Someone should tell Washington’s elite that Gulliver’s Travels is a satire, not a handbook.
Yes, in Part III of Jonathan Swift’s tale, Laputa sounds a lot like Washington, D.C. It also sounds a lot like the Spanish word for “whore,” about which the late P. J. O’Rourke is surely laughing from Heaven.
The island of Laputa floats miles above Balnibarbi, allowing the King and his court to focus on their interests without seeing, much less hearing, the ordinary citizens beneath them. The latter are, in current parlance, the Deplorables.
For Laputa’s denizens, the people fall as far below them in intelligence as in altitude, particularly in understanding higher math. The court Ministers consider taking measurements or adding numbers beneath them. As a result, on Laputa “their Houses are ill built, the Walls bevil, without one right Angle in any Apartment; and this Defect ariseth from the Contempt they bear for practical Geometry.” The elite explanation, of course, is that their “Instructions” are “too refined for the Intellectuals of their Workmen.”
Likewise, the Biden Administration denied the reality of inflation for months, because they understood economics better than the rest of us. Their about-face, evident in the name of the Inflation Reduction Act, offers little comfort to those of us unable to bring home the bacon (now 18 percent more expensive than last year). The White House might be structurally sound, but its resident’s economic policies are as askew as any building on Laputa.
But in Swift’s satire, such practical matters are less alarming than astronomical concerns. Laputa’s elite are so worried about the demise of the planet that they hardly sleep: “When they meet an Acquaintance in the Morning, the first Question is about the Sun’s Health.” They even conduct conversations “with the same Temper that Boys discover, in delighting to hear terrible Stories of Sprites and Hobgoblins, which they greedily listen to, and dare not go to Bed for fear.”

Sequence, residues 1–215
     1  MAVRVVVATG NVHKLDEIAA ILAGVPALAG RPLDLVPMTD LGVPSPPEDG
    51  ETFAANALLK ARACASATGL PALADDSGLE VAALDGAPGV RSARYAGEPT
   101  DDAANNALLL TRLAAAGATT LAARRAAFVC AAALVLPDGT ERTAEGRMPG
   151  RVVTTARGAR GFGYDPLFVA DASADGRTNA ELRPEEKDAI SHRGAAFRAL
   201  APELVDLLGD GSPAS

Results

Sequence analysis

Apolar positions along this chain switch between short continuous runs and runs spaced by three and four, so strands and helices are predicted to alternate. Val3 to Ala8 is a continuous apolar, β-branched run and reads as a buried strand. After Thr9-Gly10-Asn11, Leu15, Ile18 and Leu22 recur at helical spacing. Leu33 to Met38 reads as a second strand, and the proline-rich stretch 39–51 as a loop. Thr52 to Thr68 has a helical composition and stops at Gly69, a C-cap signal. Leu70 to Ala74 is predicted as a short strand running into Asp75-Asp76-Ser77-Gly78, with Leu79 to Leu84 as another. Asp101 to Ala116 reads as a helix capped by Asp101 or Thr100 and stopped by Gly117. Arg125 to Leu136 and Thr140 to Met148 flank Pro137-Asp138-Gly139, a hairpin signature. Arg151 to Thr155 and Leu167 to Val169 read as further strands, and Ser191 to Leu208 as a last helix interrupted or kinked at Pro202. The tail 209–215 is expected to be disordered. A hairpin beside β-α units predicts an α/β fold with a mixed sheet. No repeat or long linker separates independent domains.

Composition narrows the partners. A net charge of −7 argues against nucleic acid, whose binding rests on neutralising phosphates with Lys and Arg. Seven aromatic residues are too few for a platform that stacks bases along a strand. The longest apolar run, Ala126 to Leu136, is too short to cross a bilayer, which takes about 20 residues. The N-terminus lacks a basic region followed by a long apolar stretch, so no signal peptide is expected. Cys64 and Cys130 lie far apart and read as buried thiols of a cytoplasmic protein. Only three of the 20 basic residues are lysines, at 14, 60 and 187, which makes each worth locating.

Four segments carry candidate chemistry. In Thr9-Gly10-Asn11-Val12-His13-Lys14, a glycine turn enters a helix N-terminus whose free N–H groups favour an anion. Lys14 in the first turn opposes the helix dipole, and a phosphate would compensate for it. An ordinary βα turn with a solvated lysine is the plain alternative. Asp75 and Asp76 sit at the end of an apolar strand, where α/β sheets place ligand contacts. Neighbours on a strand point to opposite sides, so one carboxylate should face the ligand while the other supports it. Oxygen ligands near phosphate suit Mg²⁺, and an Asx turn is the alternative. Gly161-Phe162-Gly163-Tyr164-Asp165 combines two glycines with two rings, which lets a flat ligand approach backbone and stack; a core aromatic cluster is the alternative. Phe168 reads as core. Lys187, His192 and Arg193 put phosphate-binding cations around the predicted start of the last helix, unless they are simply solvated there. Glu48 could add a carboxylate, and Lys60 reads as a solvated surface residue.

One senses a similar delicious anxiety in D.C., where the elite have devised an Inflation Reduction Act with $369 billion to combat climate change. Only those with their heads in the clouds could understand the relationship between those issues.
Meanwhile, citizens cope with the threats and destruction wrought by the elite. On Balnibarbi, citizens watch the movements of Laputa warily. If they “refuse to pay the usual tribute,” the King has “two Methods of reducing them to Obedience.” One is to position his island over their land in such a way as to deprive them of sun and rain. In some cases, they are even “pelted from above with great Stones, against which they have no Defence.”
Unfortunately, in the absence of great stones to throw at citizens, the IRS has for years been stockpiling guns and ammunition, and they seek to hire more IRS agents to improve their rate of collection (or assault).
The more drastic alternative for the King of Laputa is to drop the island on citizens’ heads, a solution avoided due to the risk of damaging the island itself. Fortunately, our leaders cannot crush citizens with a floating island, though their politicized approach to laws unravels the fabric of our country. Just ask the parents targeted by the FBI or the Supreme Court Justices threatened not simply by citizens but a leader of the United States Senate.